• Please make sure to verify that a training program is recognized by a state’s accreditation board prior to enrolling  


Private Training Programs: 

As the need for trained caregivers continues to grow, more and more private certification programs are being developed to meet that demand.  These programs are typically in a classroom setting with curriculum combined with practical hands on experience using field medical equipment and simulated care scenarios.  These schools can offer programs from CNA, HHA to LVN and RN training.  While private programs can be more expensive, many can assist you with financial aid options such as loans or payment plans. Also, they usually have regular and more frequent training schedules as well as flexible schedule programs for students learning while working or raising a family.   


Public Schools: 

Many high schools are offering CNA programs for those looking to get an early start and hit the field right after graduation.  Talk to your school career counsellor regarding what opportunities exist.  For the rest of us, community colleges and public universities now often offer CNA, HHA, LVN and RN programs.  Depending on the school and program, these tend to be much less expensive than private school options, however scheduling is more limited and enrollment often fills fast for these programs, making availability more challenging.   


Home Care Agencies: 

Most Home care agencies should offer training to meet at least minimum standards prior to getting into the field, however some actually offer accredited certification packages as well.  Some agencies offer training programs specifically for their staff, while others actually allow open registration and certification through their training programs for a fee.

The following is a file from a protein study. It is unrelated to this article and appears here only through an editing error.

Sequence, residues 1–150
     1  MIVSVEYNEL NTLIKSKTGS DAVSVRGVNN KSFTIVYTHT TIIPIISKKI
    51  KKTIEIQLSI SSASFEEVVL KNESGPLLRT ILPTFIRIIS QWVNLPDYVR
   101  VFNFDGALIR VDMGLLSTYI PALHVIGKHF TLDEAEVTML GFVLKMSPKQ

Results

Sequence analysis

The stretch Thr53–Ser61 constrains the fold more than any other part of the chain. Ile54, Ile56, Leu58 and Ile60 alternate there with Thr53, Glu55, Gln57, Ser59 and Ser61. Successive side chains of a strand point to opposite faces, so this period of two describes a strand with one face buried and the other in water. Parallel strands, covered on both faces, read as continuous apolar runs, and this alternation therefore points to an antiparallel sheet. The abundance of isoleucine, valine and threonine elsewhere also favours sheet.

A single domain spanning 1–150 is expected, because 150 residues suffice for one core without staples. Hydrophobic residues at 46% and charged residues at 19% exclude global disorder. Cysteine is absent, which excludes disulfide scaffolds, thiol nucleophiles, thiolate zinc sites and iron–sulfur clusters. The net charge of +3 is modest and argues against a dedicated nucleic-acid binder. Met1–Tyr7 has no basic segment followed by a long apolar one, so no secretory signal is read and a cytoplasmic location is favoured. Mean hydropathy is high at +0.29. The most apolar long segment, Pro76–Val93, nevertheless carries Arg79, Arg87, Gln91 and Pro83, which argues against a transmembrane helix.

Online Learning Options: 

For both caregivers starting out in the field or experienced licensed caregivers, there are countless options for continued education and professional certification online.  Online courses offer you the opportunity to take affordable courses on your schedule.  Many states have adopted minimum training standards and annual continuing education requirements.  Several online learning options have  incorporated training packages customized to meet specific state standards, such as those offered by the Care and Compliance Group or Care Academy.  Many of these programs are very affordable and offer certification in specializations that can help advance your career opportunities in this field.  Just be sure to verify that the training provider you choose is recognized by your state as meeting their standards.  There are even free online courses offered by agencies such as the Alzheimer’s Association for continued professional development without the cost!      


As you can see, there are many training opportunities for anyone seeking to enter the caregiving field or advance their career. As a trained caregiver focused on continuing your education and professional development, you’ll find there are countless rewarding employment opportunities available to you!   

Don’t forget, once you’ve completed your training or when you’re searching for a new opportunity, be sure to build a caregiver profile on and be instantly notified of new care jobs as they’re posted.  Best wishes in your care career and thank you for the work that you do!  


About the Author

Doug Breuer is co-founder of and has worked in senior care for the last 9 years for the State of Oregon. From investigating cases of elder abuse to managing the delivery of long term care to residents of Central Oregon, Doug has been involved in all aspects of senior care.